The serial murderer Jeffrey Dahmer’s life and murders have been retold twice in the past five years alone, with Monster: The Jeffrey Dahmer Story being the third time in the previous 20 years. Jeremy Renner portrayed My Friend Dahmer on the big screen 20 years ago; in 2017, Ross Lynch performed the same part. Ryan Murphy and Ian Brennan’s limited series Monster, which stars Evan Peters and tells the story of Jeffrey Dahmer once more, is currently available on Netflix.
From his pursuit of the 17 young men he killed, which he did, to his final capture and trial, the show follows Dahmer. The limited series debuts at a time when the demand for true crime media is at an all-time high. This need is reflected in everything from innumerable true crime documentaries to comedies like Only Murders in the Building, which point to and laugh at our obsession with true crime.
Monster has been one of the streamer’s most-watched shows since its September 23 debut, and criticism of the show has increased alongside its success. Critics have questioned the need to rehash the subject of a serial murderer who primarily targeted Black and brown young men. The topic of systemic racism has received a lot of attention as a result of Dahmer’s continued murder of men. The series has also drawn criticism from some relatives of Dahmer’s victims who claim it has retraumatized them. The series also drew criticism as Netflix labeled it as “LGBTQ” content (as drama over this choice arose on TikTok, Netflix quickly removed the label).
Online outrage is nothing new, but the premiere of Murphy’s new limited series has made it one of the most controversial shows to be released in recent years. Here’s all you need to know about the show and its response.
It received mixed reviews from critics. Variety and Vanity Fair gave it more critical reviews, whilst Vulture and The Hollywood Reporter gave it more positive reviews. The program recently scored 45/100 overall on Metacritic. Regardless of the negative reviews, it gained popularity quickly: according to Netflix’s Weekly Top 10, “Monster: The Jeffrey Dahmer Story debuted atop the English TV List with 196.2M hours seen, making it the most viewed title [in its first week].” In 92 countries, it was among the top 10 streamers.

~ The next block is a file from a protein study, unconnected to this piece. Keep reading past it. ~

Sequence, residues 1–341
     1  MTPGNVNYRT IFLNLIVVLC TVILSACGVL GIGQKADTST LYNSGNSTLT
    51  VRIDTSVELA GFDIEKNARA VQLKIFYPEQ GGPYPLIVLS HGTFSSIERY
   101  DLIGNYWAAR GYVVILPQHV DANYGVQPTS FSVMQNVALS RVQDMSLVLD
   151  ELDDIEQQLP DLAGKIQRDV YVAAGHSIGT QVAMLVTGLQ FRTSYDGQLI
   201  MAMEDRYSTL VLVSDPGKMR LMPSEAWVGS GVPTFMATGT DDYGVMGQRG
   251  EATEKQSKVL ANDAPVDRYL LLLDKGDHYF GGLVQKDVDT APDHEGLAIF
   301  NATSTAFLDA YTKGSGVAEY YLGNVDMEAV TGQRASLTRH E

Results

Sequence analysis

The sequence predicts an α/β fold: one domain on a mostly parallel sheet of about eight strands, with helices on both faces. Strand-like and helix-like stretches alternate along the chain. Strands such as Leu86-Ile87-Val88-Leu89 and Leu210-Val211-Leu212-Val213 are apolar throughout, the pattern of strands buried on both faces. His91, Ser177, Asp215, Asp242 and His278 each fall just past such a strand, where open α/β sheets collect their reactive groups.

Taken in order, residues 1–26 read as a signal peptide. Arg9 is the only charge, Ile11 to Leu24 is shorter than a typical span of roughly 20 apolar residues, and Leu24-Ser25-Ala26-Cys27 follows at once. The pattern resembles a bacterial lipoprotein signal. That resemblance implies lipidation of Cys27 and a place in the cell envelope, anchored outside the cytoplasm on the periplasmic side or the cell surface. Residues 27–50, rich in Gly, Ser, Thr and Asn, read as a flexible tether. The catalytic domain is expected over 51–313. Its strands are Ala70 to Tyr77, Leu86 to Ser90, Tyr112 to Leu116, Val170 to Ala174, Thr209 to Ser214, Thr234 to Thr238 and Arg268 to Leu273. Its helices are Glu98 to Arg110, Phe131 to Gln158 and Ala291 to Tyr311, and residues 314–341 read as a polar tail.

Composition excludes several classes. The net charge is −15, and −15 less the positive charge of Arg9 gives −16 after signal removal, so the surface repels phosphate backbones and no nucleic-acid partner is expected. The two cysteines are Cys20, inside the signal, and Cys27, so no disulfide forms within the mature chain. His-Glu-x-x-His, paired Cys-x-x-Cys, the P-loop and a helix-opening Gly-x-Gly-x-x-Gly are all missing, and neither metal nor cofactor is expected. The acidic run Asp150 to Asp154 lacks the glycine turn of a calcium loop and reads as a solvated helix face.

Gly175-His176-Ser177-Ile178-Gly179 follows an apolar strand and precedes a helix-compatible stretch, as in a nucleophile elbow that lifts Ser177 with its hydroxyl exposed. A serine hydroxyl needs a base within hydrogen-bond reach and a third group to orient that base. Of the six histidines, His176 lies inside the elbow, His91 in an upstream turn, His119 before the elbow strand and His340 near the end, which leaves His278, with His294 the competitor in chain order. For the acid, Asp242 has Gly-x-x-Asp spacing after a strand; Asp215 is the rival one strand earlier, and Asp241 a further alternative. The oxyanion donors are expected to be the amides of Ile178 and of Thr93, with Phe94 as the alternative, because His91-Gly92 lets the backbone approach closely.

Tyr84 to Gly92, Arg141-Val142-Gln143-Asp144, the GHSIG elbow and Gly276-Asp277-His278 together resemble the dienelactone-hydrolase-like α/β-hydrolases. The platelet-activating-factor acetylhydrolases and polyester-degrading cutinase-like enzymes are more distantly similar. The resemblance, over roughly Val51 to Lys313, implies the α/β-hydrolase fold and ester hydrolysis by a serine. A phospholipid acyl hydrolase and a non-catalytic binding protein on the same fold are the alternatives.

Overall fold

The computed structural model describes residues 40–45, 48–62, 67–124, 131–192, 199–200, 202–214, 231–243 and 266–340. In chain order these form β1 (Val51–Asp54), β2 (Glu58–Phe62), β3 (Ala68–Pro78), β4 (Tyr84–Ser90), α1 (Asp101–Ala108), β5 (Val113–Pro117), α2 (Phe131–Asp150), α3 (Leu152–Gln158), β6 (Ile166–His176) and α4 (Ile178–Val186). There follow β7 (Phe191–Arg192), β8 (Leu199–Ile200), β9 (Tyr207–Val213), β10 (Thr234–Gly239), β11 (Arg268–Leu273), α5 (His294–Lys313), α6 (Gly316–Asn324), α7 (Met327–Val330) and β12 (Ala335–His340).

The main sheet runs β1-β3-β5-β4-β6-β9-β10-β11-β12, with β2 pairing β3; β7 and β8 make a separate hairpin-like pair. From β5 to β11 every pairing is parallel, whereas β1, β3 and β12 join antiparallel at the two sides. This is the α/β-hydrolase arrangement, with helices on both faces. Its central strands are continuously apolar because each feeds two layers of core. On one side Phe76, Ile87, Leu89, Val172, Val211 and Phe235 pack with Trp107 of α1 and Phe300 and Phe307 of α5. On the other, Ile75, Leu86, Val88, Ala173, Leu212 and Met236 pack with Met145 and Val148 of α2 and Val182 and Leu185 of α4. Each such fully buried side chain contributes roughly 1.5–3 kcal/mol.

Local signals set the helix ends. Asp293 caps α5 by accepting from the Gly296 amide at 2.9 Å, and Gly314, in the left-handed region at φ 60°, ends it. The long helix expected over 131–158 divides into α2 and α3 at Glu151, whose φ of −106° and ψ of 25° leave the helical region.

Almost soon after its release, the show was met with criticism. Rita Isbell, the sister of Errol Lindsey, one of Dahmer’s victims, is most notable among its critics. At the killer’s 1992 sentencing, Isbell also delivered an intense victim impact statement. She explained in a personal essay she wrote for Insider that she viewed a portion of the performance and was “bothered.”
Isbell’s declaration was reenacted for dramatic effect in the production, and actress DaShawn Barnes played her. “The woman responded, “I never received any contact regarding the show. “Netflix ought to have gotten our consent or inquired us how we felt about coming up with it. I wasn’t questioned in any way. They just did it.” But, Isbell said, “I’m not money-hungry, and that’s what this show is about, Netflix trying to be paid.”
In a trending tweet, her cousin Eric Perry expressed his disapproval of the show.
Peters said in a Monster promotional video that the show aims to showcase the accounts of Dahmer’s victims. “The Jeffrey Dahmer Story is what it’s called, yet it’s not only about him and his history: Because of racism and homophobia, society and our system consistently failed to put a stop to him,” Peters said, “It’s just a terrible story.” There will be further debate on when and how to communicate terrible stories. But Isbell’s statements serve as a reminder that these stories are about far more than TV shows—they affect real people. She remarked, “It brought back all the feelings I had at the time.”
As for how Netflix labeled the show on its page, that issue also sparked controversy. The genres “Horror,” “Ominous,” “Dark,” “Vintage crime,” “Psychological,” and “LGBTQ” were all applied to Monster. Many Netflix users were surprised to see a show that exposes the horrible killings of queer men being marketed as an “LGBTQ” show when lighthearted series like Heartstopper, Sex Education, and AJ and the Queen are often put under the “LGBTQ” label.
In a viral TikTok video one of the audiences asked, “Why would Netflix tag the Jeffrey Dahmer documentary as LGBTQ?” The representation we’re looking for is not this, even though it is technically true.
Later, the tag was taken off, while Netflix made no official comment. When the streamer is removed the tag is unknown.
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